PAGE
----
“The warmer 10,000 years of the Holocene period correlates with the ITCZ shifting northward, causing the warm South Equatorial Current to deliver more warm water across the equator, to warm the north Atlantic while cooling the south.

“A similar but smaller southward shift of the ITCZ corresponds with the Little Ice Age which mostly cooled the northern Atlantic regions. The Little Ice Age ended around 1850 as the ITCZ moved northward for our most recent 150 years.”

Steele does not discuss it but his discussion of changes in the Intertropical Convergence Zone (ITCZ) may apply to the well-recognized Dansgaard-Oeschger events (D-O events). These are periods of rapid warming followed by slow cooling lasting about 1500 years. These have been observed in ice cores taken in Greenland and elsewhere in the North Atlantic and to a lesser extent in glaciers in South America and Antarctica. See links under Challenging the Orthodoxy, Defending the Orthodoxy, https://climateaudit.org, and Unstoppable Global Warming by Singer and Avery https://www.amazon.com/Unstoppable-Global-Warming-Updated-Expanded/dp/0742551245


How Biased? John Christy and Roy Spencer have been examining the effects of urban heat island effects (UHI) on GHCN stations to try to estimate the influence of urbanization on reported temperature trends, which are used by government entities to monitor global warming and are used in global climate models. Spencer reports that none of the 19,885 GHCN stations experienced negative growth. Using 21×21 km grids and Landsat-based urbanization values (which he terms BU). He writes:

While we all know that urban areas are warmer than rural areas, especially at night and during the summer, does an increase in urbanization lead to spurious warming at the GHCN stations that experienced growth (which is the majority of them)?

And, even if it did, does the homogenization procedure NOAA uses to correct for spurious temperature effects remove (even partially) urban heat island (UHI) effects on reported temperature trends? [Italics in original]

“John Christy and I have been examining these questions by comparing the GHCN temperature dataset (both unadjusted and adjusted [homogenized] versions) to these Landsat-based measurements of human settlement structures, which I will just call “urbanization”.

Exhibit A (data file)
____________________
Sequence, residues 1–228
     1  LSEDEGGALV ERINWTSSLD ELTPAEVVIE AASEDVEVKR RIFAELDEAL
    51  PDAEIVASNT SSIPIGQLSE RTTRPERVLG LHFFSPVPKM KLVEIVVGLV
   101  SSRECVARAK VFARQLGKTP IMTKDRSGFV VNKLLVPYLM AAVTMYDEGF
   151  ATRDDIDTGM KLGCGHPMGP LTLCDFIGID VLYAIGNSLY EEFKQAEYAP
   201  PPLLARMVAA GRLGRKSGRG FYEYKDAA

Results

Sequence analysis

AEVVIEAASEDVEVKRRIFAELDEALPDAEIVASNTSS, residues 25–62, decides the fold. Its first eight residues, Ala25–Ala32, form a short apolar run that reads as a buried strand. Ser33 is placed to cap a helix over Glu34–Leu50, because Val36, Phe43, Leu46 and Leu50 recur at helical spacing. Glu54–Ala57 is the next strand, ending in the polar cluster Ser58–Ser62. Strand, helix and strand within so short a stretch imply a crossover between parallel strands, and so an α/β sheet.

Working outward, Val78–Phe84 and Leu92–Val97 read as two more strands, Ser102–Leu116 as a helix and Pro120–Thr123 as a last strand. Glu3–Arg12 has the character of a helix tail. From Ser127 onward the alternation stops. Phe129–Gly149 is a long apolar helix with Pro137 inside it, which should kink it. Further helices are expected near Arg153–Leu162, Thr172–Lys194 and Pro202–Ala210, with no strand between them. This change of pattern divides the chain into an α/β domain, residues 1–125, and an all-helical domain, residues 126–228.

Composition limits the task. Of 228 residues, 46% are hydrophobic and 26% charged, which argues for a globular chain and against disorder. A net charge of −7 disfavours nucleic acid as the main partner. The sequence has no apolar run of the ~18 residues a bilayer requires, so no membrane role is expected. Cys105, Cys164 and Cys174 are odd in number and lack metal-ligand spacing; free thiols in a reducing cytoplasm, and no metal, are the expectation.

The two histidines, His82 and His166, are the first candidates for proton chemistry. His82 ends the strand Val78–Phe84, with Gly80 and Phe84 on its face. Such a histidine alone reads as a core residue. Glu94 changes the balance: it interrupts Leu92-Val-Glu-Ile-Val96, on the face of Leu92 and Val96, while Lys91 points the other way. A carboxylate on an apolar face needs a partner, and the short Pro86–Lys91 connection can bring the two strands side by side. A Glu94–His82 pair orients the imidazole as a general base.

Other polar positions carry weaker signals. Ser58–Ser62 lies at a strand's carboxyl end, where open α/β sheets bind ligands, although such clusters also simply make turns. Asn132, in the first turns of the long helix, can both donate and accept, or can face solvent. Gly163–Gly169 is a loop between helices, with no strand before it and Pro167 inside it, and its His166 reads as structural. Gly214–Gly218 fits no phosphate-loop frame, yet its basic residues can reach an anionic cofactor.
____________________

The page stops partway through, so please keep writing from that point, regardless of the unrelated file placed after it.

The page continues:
“Here’s what I’m finding so far.

“The Strongest UHI Warming with Urbanization Growth Occurs at Nearly-Rural Stations [Boldface in original.]

“…the urban heat island effect is strongly nonlinear, with (for example) a 2% increase in urbanization at rural sites producing much more warming than a 2% increase at an urban site. This means that a climate monitoring dataset using mostly-rural stations is not immune from spurious warming from creeping urbanization, unless there has been absolutely zero growth. [Italics in original]

Spencer develops a simple model to estimate seasonal average of UHI and finds that adjustments by NOAA on the temperature trends for urbanization increase, not decrease, warming trends. He writes:

“Thus, it appears that NOAA’s homogenization procedure is spuriously warming station temperature trends (on average) when it should be cooling them. I don’t know how to conclude any different.

“Why are the NOAA adjustments going in the wrong direction? I don’t know.

“To say the least, I find these results… curious.

“OK, so how big is this spurious warming effect on land temperature trends in the GHCN dataset? [Boldface in original]

“Before you jump to the conclusion that GHCN temperature trends have too much spurious warming to be relied upon for monitoring global warming, what I have shown does not tell us by just how much the land-average temperature trends are biased upward. I will address that in Part III.

“My very preliminary calculations so far (using the UHI curves in Fig. 4 applied to the 21×21 km urbanization growth curve in Fig. 2) [Figures not shown here] suggest the UHI warming averaged over all stations is about 10-20% of the GHCN trends. Small, but not insignificant. But that could change as I dig deeper into the issue.”

See link under Challenging the Orthodoxy.


Good or Bad Plans: In a long post discussing plans by government entities, including New York State, Russell Schussler and Roger Caiazza bring out the difference of good and bad plans for utilities to be able to develop electrical generation plans which need a planning horizon of about 30 years. Schussler and Caiazza write:

“Bad plans assume that critical elements of the future are all known. Bad plans are narrowly constructed to a specified future. They risk not allowing the flexibility to adapt when things turn out differently than planned. Good plans look at their impacts or current decisions across a wide variety of potential futures. Good plans provide flexibility and nimbleness for when future conditions change.”